Every year during April, the people of Thailand welcome the New year in one of their most important holidays, called ‘Songkran’, which translates as ‘the passing of’. This thousand-year-old celebration marks the beginning of the solar calendar and, with that, many different aspects of life and their importance to the Thai people are considered and contemplated. For many Thais, Songkran is revered as a time for both personal reflection and connecting with family, particularly by showing due respect to one’s elders. In general, the days of Songkran are observed by Thais and tourists alike as symbolic of hospitality, familial love, and the importance of building and maintaining relationships in one’s community. More literally, though, the Songkran festival pays homage to the important role of water in Thai history and culture. However, the nation as a whole views this holiday as an excuse for a massive celebration, with parties and merry attitudes filling the streets for three days
THE SONGKRAN FESTIVAL
The first Songkran tradition originated during the dry season, when it was time to harvest the rice. Farmers would be forced to sit through the dry summer heat, waiting for the rainy season in order to plant their new load of crops and, as such, water became a focal point of the celebration. The precious water was poured over the hands of the revered elders, even during a time of extreme want. Nowadays, though, no one is exempt from the ice-cold waters of these festive folk. People of all ages can be seen throwing water, dumping buckets, and shooting water guns at anyone and anything (including the police force) during the festival week, as a remembrance of more difficult and strenuous times in the past.
With this being considered, travelers definitely need to keep a few things in mind when traveling in Phuket during Songkran. Water makes mud and mud makes traffic. Don’t expect to get to your destinations in a speedy manner if you are traveling within the city. Remember that, especially as a tourist who is new to the festival, you will most certainly be targeted. This shouldn’t be interpreted as malicious, though; rather, see it as the locals trying their hardest to make you feel involved in the communal festivities. As such, think about this when taking expensive electronics and cameras out on the streets to capture the festivities, as there will be little to no regard for these objects when the entire nation is in a state of celebration. Only take waterproof equipment with you and don’t let any expensive apparel get ruined. To reiterate: you will get wet!
This applies to Thailand as a whole, but Phuket (and more specifically, Bangla Road in Patong) is known to go particularly wacky during Songkran. In fact, the contemporary police there typically try to keep an iron fist on things by only allowing water throwing and shooting against strangers in public to take place on the 13th of April. However, the Patong district seems to have a much more lenient policy toward life in general, and this attitude should be expected to flourish and be demonstrated through ultimate water chaos during the festival days.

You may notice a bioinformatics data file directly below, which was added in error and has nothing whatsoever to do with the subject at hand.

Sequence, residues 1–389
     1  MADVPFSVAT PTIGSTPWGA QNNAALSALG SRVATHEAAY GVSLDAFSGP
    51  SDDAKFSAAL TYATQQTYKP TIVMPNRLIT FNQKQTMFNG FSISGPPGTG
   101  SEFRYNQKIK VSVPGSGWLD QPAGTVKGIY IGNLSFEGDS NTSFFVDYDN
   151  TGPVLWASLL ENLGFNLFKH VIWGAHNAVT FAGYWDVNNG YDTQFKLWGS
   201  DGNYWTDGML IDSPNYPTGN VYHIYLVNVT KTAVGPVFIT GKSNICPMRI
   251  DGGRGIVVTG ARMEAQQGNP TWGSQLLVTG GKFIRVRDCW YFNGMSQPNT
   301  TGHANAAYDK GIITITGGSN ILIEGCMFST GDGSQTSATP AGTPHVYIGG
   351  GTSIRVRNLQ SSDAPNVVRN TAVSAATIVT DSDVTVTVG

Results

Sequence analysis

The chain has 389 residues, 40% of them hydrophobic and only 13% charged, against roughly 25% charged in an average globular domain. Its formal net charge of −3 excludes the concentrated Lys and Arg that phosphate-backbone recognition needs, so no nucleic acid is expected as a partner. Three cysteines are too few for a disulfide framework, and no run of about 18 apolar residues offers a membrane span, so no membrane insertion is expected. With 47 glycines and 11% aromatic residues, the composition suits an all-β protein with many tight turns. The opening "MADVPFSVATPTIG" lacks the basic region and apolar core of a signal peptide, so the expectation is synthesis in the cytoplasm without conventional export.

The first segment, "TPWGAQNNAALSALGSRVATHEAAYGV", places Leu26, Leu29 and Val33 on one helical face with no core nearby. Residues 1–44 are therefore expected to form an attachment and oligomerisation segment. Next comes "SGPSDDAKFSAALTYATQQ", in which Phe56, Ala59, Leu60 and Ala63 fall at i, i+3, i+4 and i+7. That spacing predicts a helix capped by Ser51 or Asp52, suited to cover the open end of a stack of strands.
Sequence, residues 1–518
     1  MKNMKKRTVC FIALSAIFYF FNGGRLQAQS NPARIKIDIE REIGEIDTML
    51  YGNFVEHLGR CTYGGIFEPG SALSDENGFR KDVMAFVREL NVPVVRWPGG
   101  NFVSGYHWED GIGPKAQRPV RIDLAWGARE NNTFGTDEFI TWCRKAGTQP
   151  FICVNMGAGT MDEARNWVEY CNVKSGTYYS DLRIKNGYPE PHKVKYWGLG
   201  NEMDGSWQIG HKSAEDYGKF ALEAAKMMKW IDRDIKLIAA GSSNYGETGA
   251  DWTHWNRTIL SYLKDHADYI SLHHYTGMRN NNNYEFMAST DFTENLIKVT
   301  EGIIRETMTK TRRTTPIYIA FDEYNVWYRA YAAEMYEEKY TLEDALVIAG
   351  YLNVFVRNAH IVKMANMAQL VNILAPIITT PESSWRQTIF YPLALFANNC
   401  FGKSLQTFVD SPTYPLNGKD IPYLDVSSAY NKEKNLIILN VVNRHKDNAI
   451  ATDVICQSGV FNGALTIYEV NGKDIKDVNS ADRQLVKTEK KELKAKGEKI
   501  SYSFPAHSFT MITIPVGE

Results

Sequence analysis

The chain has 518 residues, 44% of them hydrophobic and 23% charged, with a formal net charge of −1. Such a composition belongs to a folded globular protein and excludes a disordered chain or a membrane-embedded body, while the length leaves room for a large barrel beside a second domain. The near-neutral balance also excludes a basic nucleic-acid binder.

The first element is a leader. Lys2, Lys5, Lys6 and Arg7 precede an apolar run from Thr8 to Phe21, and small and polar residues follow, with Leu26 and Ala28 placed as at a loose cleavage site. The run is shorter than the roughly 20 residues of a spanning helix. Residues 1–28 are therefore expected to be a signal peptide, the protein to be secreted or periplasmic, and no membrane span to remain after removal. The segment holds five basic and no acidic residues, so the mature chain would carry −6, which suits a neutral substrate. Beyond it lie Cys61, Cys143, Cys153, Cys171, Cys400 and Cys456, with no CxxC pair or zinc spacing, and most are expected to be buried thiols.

The festival of Songkran is not all fun and games, however. While the busy streets in tourist areas will certainly be filled with games, laughter, and, of course, water, there are more serious themes that are equally focused on in Thai homes. In addition to paying respect to the elders of the family, prayers for the recently deceased also rank high on the spectrum of deference. Pagodas are made from sand as a way of teaching discipline, merit, and humility. Thais celebrate a thanksgiving to Buddha as well as almsgiving to the monks. As such, pilgrimage to monasteries is popular during this break from work and school. The importance of water is also celebrated with a special day dedicated to cleaning, which is upheld in every home, town, and village across the country; this also adds to the sense of community, interrelation, and togetherness.
This year, the Maha Songkran, or first date of the New Year, is set for the 13th of April, when the number of day and night hours are exactly equal. ‘Nao’, or Middle Day, will then fall on the 14th, with the final New Year celebration occurring on the 15th.
In Phuket, also known as the “Pearl of Andaman”, the Joyous Songkran Splendours (organized by the Tourism Authority of Thailand) will take place at Patong Beach on the 12th and 13th from 10:00 to 22:00. The pristine beaches and tourist-centered town make this a prime location for foreigners to take part in the Songkran festivities. Of all the events that occur during the festival, the friendly water fight on the streets of the city and down by Patong Beach is sure to be a traveler favorite. Locals believe the water to have spiritually cleansing properties and that by throwing it on others, they are washing away any bad luck that is lingering from the previous year. What better way to start off the New Year than with good luck?
owever, the Phuket Songkran Festival does have other options in store for visitors who are more interested in staying dry. The Procession of the Phra Buddha Sihing around Patong Beach is a magnificent site to see, as is the floral parade. Local crafts and clothing will be exhibited at stalls and markets throughout the city, which make for a great leisurely morning or afternoon in the warm sunshine. For a more in depth cultural experience, visitors are encouraged to visit the Buddhist temples of the area to view the decorations and pagodas as well as watching the locals complete their rituals.
Please note, this is a sacred time for the Thais, so be sure to remain mindful and respectful when visiting temples. For any questions or suggestions during the Songkran Festival, don’t be afraid to ask a local for advice. Thais are proud to share this day with visitors and will certainly ensure that tourists get the most out of this once in a lifetime experience.